As China continues to develop, so does its global influence. What would the future be like for South-East Asia with a ‘risen China’?
Prof Zhang Weiwei is among the most respected scholars in China today. He is a leading expert on China’s “reform and opening up” policies and its status as a “civilisational state.”
As director of the China Institute at Shanghai’s elite Fudan University, he is also professor of International Relations and had served as English interpreter for China’s Paramount Leader Deng Xiaoping. In an exclusive interview earlier in the week, Prof Zhang spoke to Sunday Star about future prospects with China.
As the leading authority on China’s civilisational state, how would you define it, as distinct from a nation state?
With China, it’s a combination of the world’s longest continuous civilisation and a super-large modern state. A civilisational state is made up of hundreds of states amalgamated into one large state.
China is a modern state respecting international law like a nation state, but culturally diverse, with sovereignty and territorial integrity.
There are four features of China’s civilisational state: a super-large population of 1.4 billion people, a continent-size territory, significant culture, and a long history.
If we are returning to an East Asian tributary system, what changes can we expect in China’s policies in this region today?
The tributary system is a Western name for China’s relations in this region (in the past). China is a “civilisational” – as an adjective – state, a modern amalgamation of many (component communities).
During the Ming Dynasty, China was a world power – but as a civilisational state more than a nation state – and did not seek to colonise other countries, unlike Western powers that were nation states. Since then, China’s status and capacity as a nation state has grown significantly. Will it then become more like Western powers now?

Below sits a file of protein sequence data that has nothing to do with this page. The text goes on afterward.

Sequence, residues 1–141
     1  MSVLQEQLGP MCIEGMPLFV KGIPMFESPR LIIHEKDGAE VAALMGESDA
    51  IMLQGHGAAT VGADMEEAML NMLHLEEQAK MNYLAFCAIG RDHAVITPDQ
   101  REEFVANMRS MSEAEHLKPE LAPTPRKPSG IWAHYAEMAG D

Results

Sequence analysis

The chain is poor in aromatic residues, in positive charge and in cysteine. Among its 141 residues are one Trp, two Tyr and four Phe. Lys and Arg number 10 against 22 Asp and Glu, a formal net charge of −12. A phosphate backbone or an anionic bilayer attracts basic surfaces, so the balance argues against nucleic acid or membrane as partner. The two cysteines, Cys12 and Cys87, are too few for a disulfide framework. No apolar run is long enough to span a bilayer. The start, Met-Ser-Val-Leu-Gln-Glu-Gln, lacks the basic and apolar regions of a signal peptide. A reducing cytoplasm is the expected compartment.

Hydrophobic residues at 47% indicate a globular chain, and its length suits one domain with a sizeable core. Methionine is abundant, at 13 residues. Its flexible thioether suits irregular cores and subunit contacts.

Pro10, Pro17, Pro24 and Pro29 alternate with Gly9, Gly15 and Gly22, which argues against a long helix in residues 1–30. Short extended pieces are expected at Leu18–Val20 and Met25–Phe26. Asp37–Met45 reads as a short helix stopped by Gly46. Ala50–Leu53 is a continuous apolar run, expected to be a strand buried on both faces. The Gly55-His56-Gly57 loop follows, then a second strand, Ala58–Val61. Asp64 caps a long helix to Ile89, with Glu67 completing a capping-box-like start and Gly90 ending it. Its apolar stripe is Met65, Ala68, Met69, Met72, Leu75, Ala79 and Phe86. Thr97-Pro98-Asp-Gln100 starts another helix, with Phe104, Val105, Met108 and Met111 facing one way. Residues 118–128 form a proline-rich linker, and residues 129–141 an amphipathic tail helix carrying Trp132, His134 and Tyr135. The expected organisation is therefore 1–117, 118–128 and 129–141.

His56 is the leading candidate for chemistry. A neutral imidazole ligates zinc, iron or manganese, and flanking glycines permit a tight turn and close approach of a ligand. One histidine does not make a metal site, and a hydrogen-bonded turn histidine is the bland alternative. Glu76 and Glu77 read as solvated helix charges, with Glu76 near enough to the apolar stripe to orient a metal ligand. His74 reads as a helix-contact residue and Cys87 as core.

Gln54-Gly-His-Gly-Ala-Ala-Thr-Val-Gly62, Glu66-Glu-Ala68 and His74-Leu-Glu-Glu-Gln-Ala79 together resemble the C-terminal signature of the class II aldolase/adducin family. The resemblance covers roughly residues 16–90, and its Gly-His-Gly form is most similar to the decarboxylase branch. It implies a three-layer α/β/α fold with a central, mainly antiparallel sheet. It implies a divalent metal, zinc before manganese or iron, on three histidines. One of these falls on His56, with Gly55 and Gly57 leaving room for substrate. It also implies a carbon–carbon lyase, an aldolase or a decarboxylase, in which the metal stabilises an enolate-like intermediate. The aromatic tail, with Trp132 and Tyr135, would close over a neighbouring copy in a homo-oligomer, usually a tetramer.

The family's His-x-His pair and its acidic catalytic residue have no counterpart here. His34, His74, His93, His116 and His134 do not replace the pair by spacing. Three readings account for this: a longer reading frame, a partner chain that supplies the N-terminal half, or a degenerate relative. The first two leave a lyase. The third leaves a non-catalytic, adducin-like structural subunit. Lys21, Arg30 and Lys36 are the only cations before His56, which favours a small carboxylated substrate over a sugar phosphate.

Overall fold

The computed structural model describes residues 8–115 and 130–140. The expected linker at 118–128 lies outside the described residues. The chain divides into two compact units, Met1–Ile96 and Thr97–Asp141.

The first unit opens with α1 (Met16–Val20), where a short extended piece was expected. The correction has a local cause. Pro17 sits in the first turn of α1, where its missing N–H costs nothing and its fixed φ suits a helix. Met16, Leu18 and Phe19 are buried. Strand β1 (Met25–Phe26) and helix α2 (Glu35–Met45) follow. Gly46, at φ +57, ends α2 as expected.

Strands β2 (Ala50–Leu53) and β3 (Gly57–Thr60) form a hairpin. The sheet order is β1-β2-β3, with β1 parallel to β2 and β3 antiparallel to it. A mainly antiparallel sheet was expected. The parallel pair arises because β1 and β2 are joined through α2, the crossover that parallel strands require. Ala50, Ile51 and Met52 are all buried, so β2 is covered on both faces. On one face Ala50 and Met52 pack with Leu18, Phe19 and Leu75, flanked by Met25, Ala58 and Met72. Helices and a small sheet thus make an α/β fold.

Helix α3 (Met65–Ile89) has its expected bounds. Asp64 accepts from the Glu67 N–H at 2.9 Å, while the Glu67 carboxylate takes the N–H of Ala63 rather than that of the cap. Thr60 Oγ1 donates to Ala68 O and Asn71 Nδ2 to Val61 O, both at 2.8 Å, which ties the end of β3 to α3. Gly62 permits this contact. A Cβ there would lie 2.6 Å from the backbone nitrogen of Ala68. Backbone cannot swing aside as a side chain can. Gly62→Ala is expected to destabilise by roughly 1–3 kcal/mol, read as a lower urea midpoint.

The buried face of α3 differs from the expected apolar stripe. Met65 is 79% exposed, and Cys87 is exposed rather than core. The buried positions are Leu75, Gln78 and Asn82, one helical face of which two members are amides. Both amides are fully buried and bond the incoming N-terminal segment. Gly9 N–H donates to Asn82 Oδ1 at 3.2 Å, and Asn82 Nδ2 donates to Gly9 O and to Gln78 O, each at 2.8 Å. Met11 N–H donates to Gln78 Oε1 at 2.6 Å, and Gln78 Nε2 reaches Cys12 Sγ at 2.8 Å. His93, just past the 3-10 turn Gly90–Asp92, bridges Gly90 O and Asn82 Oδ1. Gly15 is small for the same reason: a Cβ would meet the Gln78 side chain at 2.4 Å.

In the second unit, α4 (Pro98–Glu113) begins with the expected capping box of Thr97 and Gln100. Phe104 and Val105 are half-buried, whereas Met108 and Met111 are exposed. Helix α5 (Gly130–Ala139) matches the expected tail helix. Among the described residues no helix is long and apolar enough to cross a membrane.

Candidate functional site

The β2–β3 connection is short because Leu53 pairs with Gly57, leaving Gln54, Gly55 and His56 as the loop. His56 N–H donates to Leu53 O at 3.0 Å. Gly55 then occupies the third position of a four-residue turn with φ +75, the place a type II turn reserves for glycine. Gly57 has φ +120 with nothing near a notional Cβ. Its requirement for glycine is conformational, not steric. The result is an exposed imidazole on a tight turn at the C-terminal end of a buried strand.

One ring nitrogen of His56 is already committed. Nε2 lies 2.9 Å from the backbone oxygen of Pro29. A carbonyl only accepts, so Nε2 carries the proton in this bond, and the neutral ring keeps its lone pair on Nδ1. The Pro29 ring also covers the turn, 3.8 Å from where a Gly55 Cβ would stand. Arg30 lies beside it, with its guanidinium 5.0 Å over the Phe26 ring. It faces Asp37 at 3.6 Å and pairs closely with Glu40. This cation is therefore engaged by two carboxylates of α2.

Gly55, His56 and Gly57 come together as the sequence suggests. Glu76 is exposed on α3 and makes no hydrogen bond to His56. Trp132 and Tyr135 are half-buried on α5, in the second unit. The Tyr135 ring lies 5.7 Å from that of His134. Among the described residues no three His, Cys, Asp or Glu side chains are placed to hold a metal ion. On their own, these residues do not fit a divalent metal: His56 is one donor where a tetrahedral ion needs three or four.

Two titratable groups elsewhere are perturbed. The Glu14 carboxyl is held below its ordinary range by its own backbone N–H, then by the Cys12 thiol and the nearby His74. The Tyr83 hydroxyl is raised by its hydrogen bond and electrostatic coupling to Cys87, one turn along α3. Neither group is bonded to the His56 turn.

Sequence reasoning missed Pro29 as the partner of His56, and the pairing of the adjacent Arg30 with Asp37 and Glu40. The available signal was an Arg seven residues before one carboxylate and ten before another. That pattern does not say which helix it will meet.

China today is a nation state, but different from European (nation) states. It is also still a civilisational state.
The Chinese people are not just Han, although the Han majority is 92%. There are 56 ethnic groups in China, (mostly) minorities.
But China rejected the Permanent Court of Arbitration’s ruling on the South China Sea, initiated by the Philippines, which found China’s claims insupportable.
The tribunal was illegal; it had no right to make such decisions. The Permanent Court of Arbitration is not part of the United Nations.
How can countries in South-East Asia be convinced that the rise of China will not simply result in Chinese imperialism replacing US imperialism?
China emphasises win-win partnerships, such as in the Belt and Road Initiative (BRI). It encourages discovering, building, and benefiting together.
Countries in South-East Asia join the BRI out of their own interest. It is not something imposed by China.
Some countries have described the Second Belt and Road Summit this year as being more consultative than the first. As for the future?
The future Belt and Road Summits will be even more open and consultative.
Is the current US-China trade dispute only a symptom of much larger differences, such as a historic divide in the reshaping of a new global order?
It is more than about trade. With the United States especially, it is zero-sum, but for China it is win-win.
The Chinese economy is larger than the US economy, or soon will be. (In PPP or purchasing power parity terms, China’s economy grew larger than the US economy in 2014.)
The United States is trying to decouple its economy from China’s. How can China ensure that it would not only withstand these efforts but also triumph?
The attempt to decouple the two economies will fail. About 85% of US companies that are already in China want to stay.
Looking at the trade structure, most Chinese exports to the US are irreplaceable. No other place in the world gives a better price-quality ratio in manufactured goods.
So the US cannot win in this decoupling because there are no alternatives (as desirable producing countries). China has the world’s largest chain or network, or factory clusters, for all kinds of goods.
How likely do you see a hot war – more than a trade war or a cold war – breaking out between a rising China and what is perceived to be a declining United States?
The US knows that it won’t win (a hot war). No two nuclear-armed countries will go to war. It would be very messy.
So far no two nuclear-armed countries have fought. There may be a small likelihood of direct confrontation, but not a war situation.
No commercial shipping has been interrupted by China. So the US need not worry.
Can Asean, or an Asean country like Malaysia, help to bring the United States and China closer together as partners rather than as rivals?
Possibly. Malaysia perhaps can help, as it is friendly to both China and the US.
As China continues in its rise, what steps is it taking to provide for more cooperative and consultative relations in this region?
Trade between China and Asean countries, for example, has grown, and has now exceeded China-US trade.
Generally, China’s relations with Asean countries are quite promising, with Free Trade Area relationships as well.
Bunn Nagara is Senior Fellow at the Institute of Strategic and International Studies (ISIS) Malaysia.